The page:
Not the Same Anymore

Robin Botie of Ithaca, New York, takes time out from gardening to photoshop headlines of global changes.“I am not the same person I was before.” Another mother said this, as the setting sun seared the landscape behind her. Sitting on the edge of a deckchair, hunched over an almost-empty plate, I looked up suddenly. Sweet light danced on her hair, on the pond beyond her, in the gardens, and in the faces of the others around us, the ones whose old selves had been torn apart by tragedies that now brought us together.

I looked back down at my dirt-rimmed fingernails and at my very respectable outfit from the day before that I’d hastily thrown on to replace the ragged clothes worn all day hiking with the dog, working on the computer, and messing around in the garden. It had been a full day. A good day. And now I was sitting around someone else’s pond with friends and good food. Far away from the rest of the world and troubles I couldn’t control.

“Not a trace remains of who I used to be,” the other mother said. And I knew what she meant. Immediately. Exactly. Sadly. And Joyfully.


Are you who you used to be? How do you hold on to who you are and your beliefs when the world around you seems to be changing in ways that challenge your core values?

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9 thoughts on “Not the Same Anymore

  1. Elaine Mansfield

    I am entirely different and, on the other hand, much the same as I used to be. Life is a paradox. I have the same mental habits, the same tiresome complexes, the same habit of eating too much at night… On the other hand, I’m more forgiving and have a clearer perspective about what matters. I find plenty of traces of my old self in my new world. Deaths are big transition moments and I’m digesting my brother’s death and what that means to me. My partner’s death was clearer and more straightforward. I love the dismembered pieces in your photo.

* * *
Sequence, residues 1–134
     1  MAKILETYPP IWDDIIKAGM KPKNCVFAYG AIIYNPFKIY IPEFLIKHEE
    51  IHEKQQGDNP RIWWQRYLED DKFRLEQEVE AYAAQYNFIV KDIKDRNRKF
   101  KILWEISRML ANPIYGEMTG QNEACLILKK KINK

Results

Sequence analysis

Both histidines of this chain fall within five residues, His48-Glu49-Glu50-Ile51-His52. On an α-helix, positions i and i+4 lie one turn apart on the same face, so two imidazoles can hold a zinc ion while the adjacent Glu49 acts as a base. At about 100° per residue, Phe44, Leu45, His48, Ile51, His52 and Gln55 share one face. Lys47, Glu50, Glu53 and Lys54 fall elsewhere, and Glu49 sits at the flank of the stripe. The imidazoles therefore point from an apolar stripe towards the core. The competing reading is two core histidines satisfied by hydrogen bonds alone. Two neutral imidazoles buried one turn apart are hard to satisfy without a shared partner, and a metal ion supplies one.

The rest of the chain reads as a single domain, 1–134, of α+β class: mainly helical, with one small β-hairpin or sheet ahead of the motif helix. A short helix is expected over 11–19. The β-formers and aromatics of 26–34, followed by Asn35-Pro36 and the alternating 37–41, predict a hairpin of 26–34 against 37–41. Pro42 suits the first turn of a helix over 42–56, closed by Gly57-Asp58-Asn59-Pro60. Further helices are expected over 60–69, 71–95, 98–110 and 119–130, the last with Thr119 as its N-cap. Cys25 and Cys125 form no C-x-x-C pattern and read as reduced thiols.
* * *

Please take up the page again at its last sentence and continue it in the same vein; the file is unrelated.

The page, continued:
1. Robin Botie Post author

      Thanks, Elaine. I must try to dismember more things in the future. This week, I got so attached to my straight photo that I could not play with it, or dismember or dismantle it in any way. Now that’s so much more like the old me. I love being more adventurous – my daughter’s influence. But my old straightforward self won out this time. Seems my daughter and I are still fighting one another only now it’s all going on inside me. Talk about tiresome complexes.

  2. Annette Corth

    Another excellent image!

    I am not the person I used to be, both physically and psychologically. Learning from my experiences as the years roll by, my personality has changed, for the better, I hope. Time has also altered my body, not for the better. What is happening in the world around us is sad and frightening, but there is little I can do to alter it. I cope by ignoring what I can’t control. Am I an ostrich or a realist?

    Let’s hang in there.


    1. Robin Botie Post author

      Yeah, let’s just hang in there and feast and enjoy what we can, while we can, Annette. And actually, seems to me, in all the feasting and traveling back and forth to see friends – we’re living. Big. We’re not JUST hanging in there. Cheers!

  3. joann giovannone

    Robin, no, I’m not the same person I was prior to losing our son and there in lies the distance I’ve felt from family/friends…they’re looking for the “old Jo” and I can never be that person again 🙁 Not going to claim I’m a better, stronger person either, the most positive quality to come out of our tragedy has been a much greater appreciation for loved ones, each other & our surroundings, nature, little joys we never took the time to notice before…..but I would never wish the grieving excruciating pain of loss on ANYONE else, just so the person’s left alive could find greater appreciation . 🙁 <3

    1. Robin Botie Post author

      Yes, Jo. Here too, it took a long time for my family to realize that the old Robin was not coming back. Losing a loved one can make you a better person, kinda like how getting cancer can let you lose weight – but who would want to recommend that?


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